EXPERIMENTAL STUDY OF THERMAL PERFORMANCE
To demonstrate the cooling capability of Duocel®, a test module was fabricated by inert atmosphere brazing a 1.00” x 1.00” x 0.250” block of Duocel® copper foam to the center of a 2.00” x 2.00” x 0.125” thick Cu plate. A Plexiglas housing of the same cavity depth was fabricated out of a 0.25” thick Plexiglas sheet and screwed to the Cu plate with cork gasket. A 1.00” x 1.00” resistor was eutectic Sn/Pb soldered on the center of the Cu plate in inert gas environment. The cold plate test unit is depicted in Figures 4 and 5.
The flow rate and the inlet temperature of the inlet DI water were kept constant using a recirculating chiller. The heater power, volume flow rate, inlet, and exit temperature of the coolant were monitored via multimeter current and voltage measurements, flow meter, and thermocouples, respectively. The surface temperature of the cold plate was estimated by the temperature measurements with thermocouples on the resistor. This experimental setup is shown in Figure 6.
The results are presented in Figure (7) in terms of thermal resistance, which is commonly defined by Equation (2):
Q: Power dissipated by the heater/device (W)
ΔT: Temperature difference between the maximum surface temperature of the CP and the average temperature of the coolant, as calculated by Equation (3)
Cp : Heat capacity of coolant (J/kg-o C)
(m🙂 Mass flow rate of coolant (kg/sec)
The experimental results in Figure (7) show excellent agreement with the CFD analysis, validating the modeling approach. The subsequent case study will give more context for the measured and predicted performance numbers.
CASE STUDY ON HIGH POWER ELECTRONICS DEVICE COLD PLATE
In the early stages of design, the feasibility of a given cold plate technology for a high-power electronics device may be assessed by its thermal resistance (Rth). Consider the application of cooling a 1” x 1” device that dissipates 1 kW of heat. Assume the max allowable temperature of TMax=60o C, and the available cooling flow is DI water (ρw=1,000 kg/m3 , CP=4,184 J/kg-o C) at a volume flow rate of V=1.0 GPM (6.3*10-5 m3 /sec) and Tin=21o C. Using Equations (2) and (3), the required thermal resistance is 0.037 o C/W.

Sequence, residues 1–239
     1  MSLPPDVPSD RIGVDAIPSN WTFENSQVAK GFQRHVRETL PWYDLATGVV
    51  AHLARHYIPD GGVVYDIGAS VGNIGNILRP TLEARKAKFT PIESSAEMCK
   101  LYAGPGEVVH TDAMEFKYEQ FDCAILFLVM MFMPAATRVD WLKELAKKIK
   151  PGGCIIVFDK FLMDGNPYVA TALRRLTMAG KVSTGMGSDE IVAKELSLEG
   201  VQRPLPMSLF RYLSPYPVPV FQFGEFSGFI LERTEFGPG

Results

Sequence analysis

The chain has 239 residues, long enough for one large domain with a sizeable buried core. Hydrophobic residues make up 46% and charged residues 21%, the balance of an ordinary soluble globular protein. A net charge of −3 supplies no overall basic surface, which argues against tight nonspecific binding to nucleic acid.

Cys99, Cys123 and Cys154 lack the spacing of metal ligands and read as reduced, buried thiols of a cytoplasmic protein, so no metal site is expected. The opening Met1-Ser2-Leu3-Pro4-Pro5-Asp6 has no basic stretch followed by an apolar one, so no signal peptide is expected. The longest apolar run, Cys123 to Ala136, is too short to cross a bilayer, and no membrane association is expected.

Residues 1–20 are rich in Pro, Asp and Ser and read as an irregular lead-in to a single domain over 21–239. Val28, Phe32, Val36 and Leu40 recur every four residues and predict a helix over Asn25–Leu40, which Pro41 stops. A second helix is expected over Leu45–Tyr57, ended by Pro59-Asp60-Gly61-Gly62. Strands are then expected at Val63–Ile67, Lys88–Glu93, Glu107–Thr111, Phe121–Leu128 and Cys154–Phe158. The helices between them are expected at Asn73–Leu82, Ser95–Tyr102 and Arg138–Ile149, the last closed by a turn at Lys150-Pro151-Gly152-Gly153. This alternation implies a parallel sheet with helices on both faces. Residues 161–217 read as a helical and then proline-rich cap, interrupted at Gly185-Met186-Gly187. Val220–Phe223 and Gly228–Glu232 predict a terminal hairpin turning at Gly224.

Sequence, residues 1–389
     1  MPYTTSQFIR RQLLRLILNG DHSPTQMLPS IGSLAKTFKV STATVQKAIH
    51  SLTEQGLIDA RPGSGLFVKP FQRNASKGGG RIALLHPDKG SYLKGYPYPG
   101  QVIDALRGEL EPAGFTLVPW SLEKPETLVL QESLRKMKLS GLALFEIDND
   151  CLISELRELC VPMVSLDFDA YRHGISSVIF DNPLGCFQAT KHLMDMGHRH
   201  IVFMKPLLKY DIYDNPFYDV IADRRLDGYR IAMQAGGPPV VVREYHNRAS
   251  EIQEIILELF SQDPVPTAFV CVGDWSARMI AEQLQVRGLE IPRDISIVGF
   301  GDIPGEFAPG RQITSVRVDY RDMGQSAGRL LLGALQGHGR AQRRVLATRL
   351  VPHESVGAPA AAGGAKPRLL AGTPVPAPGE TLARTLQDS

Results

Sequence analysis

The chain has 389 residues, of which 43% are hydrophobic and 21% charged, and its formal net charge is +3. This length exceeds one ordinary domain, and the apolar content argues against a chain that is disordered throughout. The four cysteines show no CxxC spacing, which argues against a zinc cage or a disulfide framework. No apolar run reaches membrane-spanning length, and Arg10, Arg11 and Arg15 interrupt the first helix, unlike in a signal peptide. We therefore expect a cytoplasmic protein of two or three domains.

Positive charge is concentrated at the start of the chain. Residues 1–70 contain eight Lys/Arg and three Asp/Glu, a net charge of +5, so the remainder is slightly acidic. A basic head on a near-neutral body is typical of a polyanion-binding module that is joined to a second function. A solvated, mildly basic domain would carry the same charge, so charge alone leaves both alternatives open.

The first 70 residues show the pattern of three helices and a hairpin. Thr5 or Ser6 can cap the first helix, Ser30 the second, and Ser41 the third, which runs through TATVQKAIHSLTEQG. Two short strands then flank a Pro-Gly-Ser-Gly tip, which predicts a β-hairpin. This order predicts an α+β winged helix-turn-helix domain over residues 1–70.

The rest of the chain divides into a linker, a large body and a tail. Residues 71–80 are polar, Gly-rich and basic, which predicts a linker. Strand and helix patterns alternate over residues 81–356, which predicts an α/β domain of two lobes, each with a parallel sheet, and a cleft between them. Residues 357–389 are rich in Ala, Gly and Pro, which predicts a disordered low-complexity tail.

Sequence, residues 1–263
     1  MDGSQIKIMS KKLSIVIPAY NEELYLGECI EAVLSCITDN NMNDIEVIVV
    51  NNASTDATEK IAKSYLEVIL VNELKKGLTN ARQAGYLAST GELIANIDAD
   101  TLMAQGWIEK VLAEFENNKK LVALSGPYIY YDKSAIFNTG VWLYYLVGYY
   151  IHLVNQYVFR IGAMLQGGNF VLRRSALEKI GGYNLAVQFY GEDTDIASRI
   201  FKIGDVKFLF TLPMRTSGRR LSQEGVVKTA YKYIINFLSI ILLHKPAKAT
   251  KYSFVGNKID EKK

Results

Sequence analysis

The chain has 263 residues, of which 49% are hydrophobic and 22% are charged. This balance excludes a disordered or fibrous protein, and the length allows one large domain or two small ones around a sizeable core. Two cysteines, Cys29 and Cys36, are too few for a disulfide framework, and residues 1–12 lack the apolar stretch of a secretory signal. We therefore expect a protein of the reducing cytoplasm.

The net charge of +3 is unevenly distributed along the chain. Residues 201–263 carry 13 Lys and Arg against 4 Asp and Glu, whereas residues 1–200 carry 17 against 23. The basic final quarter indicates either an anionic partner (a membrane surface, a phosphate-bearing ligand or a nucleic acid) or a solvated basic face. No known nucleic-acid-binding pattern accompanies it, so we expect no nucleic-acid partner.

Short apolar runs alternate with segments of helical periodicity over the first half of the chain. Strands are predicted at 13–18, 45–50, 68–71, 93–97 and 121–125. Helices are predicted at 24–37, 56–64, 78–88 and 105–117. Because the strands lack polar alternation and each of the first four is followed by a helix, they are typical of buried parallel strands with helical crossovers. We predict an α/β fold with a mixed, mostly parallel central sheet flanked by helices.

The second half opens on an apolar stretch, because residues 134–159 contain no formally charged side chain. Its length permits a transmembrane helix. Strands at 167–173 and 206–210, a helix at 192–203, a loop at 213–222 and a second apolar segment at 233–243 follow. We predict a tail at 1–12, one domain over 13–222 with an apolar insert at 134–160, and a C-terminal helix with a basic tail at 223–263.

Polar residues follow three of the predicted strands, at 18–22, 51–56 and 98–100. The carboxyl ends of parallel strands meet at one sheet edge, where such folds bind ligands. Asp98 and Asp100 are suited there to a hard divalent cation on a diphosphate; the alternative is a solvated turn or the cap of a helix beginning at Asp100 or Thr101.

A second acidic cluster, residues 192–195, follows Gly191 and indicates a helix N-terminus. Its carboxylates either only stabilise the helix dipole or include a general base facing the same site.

High performance micro channel type Cu cold plates are only able to deliver 0.05o C/W under these conditions, which would be insufficient for the present application. Meanwhile a Duocel® based cold plate can be tailored to achieve the goal with a healthy margin using a 40 PPI, 45% dense copper foam cold plate, as demonstrated by the CFD results in Figure 8.
SUMMARY AND DISCUSSIONS
Studies show that open cell, solid ligament Duocel® based CP and HXs offer high thermal performance due to their extremely high specific surface area, local film coefficients, and thermal conductivity particularly for lower volume and weight applications. The structure can be customized to meet a wide range of thermal requirements making them a versatile solution.
Metal foams demonstrate compatibility with a wide range of liquids and gaseous coolants, which makes the technology advantageously suitable for a wide range of commercial and military applications. The structural and thermal characteristics of RMF foams also offers similar advantages in passive phase change and two-phase flow applications.
Authors would like to take this opportunity to express their gratitude to Mitchell Hall, the CEO of ERG Aerospace, for his support, encouragement, and directions in the research and the publication of this work.
1. Ashby, M. F. et al. “Metal Foams – A Design Guide”, Butterworth Heinemann, pp. 6-20, 2000.
2. B. Ozmat et al., “Thermal Applications of Open Cell Metal Foams” Materials and Manufacturing Processes, Special Edition, Vol.19, No. 5, pp. 839-862, 2004
3. Brunauer, Emmet, Teller, Journal of the American Chemical Society, Volume 60, 1938, p 309.
4. Sorgo M., “Thermal Interface Materials,” Electronics Cooling, Vol. 2, No. 3, pp. 12 -16., Sept. 1996.
5. Final Program Report, COMNAVSEASYSCOM contract N00024-94-NR58001.
6. The metal foam used in the fabrication of these cold plates is marketed under the trade name Duocel®, ergaerospace.com